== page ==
When designing homes for 55+, there is a fine line between providing a home to feel comfortable in and creating an environment with constant reminders that they’re getting old. At some point, aging adults experience some sort of disability. You know the fears:
• What happens if I become disabled and need a wheelchair?
• Will I be able to get around my house?
So, one might assume that designing the home using the Americans with Disability Act (ADA) would be a great way to help them overcome that fear. Not so fast. Chances are, you might unintentionally scare away your average 55+ buyer by creating an environment that screams “nursing home”. At 55 years old, we hopefully have a long time before that becomes necessary.
The ADA was written to ensure that folks with disabilities would have housing available to them that was accessible. The thing is, it was written for all sorts of disabilities including blindness, hearing impaired and varying levels of paralysis. The majority of home buyers don’t need every aspect of the code, and many requirements actually make it tougher on our aging population. We’ve all encountered the bumpy pavement for the visually-impaired at the end of a sidewalk signaling a change in path – from sidewalk to street or parking lot. These same bumps are hard for someone in a wheelchair or with a walker (or a woman in heels).
Grab Bars and Toilet Rooms
An ADA-compliant bath has a space adjacent to the toilet for a wheelchair and two grab bars; one on the side of the toilet and one behind the toilet. In a residential application, the toilet most often ends up out in the open and not in its own room because the space required for an ADA-compliant toilet room is too large.
This grab bar configuration and open space is designed for a paraplegic to pull themselves from their wheelchair onto the toilet. When it comes to toilet placement, ADA standards possess two issues that conflict with aging gracefully.
The first is a matter of grab bar placement. The grab bar behind the toilet is of little use for an ambulatory person that may just need a little extra help standing up. Grab bars on either side of the toilet work better for this, especially if someone suffers from arthritis on one side. The toilet room supplies the walls on either side of the fixture for mounting grab bars.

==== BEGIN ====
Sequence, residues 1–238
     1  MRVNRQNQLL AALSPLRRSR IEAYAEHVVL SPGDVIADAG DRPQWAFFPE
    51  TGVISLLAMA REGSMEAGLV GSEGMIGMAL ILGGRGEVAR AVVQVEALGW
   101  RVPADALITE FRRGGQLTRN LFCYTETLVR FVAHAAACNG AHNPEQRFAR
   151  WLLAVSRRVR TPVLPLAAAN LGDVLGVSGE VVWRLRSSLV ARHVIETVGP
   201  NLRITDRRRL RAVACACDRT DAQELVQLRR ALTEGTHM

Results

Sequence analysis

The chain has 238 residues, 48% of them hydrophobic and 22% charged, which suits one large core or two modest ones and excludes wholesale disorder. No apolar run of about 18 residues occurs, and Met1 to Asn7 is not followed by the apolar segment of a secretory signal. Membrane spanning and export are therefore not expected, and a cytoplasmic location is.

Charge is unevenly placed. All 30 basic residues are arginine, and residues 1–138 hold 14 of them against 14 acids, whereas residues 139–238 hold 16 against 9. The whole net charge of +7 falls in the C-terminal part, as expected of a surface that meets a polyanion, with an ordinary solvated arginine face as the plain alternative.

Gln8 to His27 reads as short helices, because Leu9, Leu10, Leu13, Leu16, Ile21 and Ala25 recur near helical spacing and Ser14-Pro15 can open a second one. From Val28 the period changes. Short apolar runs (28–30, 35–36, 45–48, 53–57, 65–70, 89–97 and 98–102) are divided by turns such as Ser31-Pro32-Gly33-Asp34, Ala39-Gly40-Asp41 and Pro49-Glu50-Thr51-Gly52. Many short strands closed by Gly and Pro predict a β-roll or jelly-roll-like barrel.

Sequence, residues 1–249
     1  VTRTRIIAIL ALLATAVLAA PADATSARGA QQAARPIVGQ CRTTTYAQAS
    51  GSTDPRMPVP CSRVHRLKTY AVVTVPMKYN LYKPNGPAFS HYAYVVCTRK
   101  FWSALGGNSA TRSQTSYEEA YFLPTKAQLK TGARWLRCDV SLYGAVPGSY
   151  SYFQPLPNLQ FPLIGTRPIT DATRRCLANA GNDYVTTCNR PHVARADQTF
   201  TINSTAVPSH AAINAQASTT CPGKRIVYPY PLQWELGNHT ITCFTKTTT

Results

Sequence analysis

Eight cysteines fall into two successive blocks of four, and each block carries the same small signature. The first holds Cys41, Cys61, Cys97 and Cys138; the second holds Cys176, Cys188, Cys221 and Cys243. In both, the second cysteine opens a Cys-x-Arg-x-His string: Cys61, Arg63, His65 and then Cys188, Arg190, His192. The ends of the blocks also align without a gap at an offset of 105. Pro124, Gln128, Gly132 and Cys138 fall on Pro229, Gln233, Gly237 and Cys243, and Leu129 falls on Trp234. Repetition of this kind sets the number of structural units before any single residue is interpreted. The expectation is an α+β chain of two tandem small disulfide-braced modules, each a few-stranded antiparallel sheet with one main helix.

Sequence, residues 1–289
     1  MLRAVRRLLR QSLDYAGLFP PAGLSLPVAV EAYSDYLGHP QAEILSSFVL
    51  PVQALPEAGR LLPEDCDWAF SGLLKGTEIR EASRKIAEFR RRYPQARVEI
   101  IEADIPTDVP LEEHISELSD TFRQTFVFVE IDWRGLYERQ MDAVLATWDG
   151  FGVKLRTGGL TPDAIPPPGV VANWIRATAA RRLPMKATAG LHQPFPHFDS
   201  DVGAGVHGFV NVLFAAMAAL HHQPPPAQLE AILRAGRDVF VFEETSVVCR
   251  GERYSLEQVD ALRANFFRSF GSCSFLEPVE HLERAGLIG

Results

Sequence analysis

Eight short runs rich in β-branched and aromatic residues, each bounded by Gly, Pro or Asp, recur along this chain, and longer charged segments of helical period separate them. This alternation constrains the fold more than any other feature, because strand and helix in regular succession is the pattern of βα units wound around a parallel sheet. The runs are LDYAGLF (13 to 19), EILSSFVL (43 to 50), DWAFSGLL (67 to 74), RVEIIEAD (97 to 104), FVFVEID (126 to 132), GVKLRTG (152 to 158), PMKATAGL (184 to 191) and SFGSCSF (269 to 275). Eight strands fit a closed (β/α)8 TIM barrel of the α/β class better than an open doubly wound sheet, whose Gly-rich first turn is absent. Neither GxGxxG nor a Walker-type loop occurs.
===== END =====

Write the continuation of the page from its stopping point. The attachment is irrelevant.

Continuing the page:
The second flaw is a simple matter of dignity. Let’s face it, no one looks good siting on the toilet. Even married couples can appreciate not being on display all the time. If we're aiming to give home buyers a spa-like environment, let's give the master bath a toilet room!
Some argue that a toilet room doesn’t allow for a wheelchair. The thing is, seniors who need a wheelchair because of a hip, back or knee issue can often walk the short distance to the bathroom or toilet room – even if they need a cane for assistance. You may have seen the line of wheel chairs in the jet bridge as you deplane. These seniors can walk from their seat to the wheelchair – they just can’t traverse the entire Atlanta airport!
An aging-friendly toilet room should have at least a 2’ 8” wide door – 2’10” is better but I find that 3’ is too much. I used to think a 3’ wide toilet room was wide enough. But if grab bars are added to both sides, you end up with a tight 30” of clearance. The minimum dimensions for a toilet room are 3’4” (3’6” preferred) wide by 5’ 6” deep. Add blocking for grab bars on both side of the toilet. Make sure there is a potential light source for a nightlight. This could be an outlet to plug in a night light or simply a light switch. And lastly, make sure to feature a comfort height toilet.
If you’re trying to appeal to the younger end of the boomer buyer – ages 55 to 65 - keep in mind that these buyers are focused on staying active. It is important to plan for aging, but perhaps we don’t need to broadcast it from the moment they walk through the door!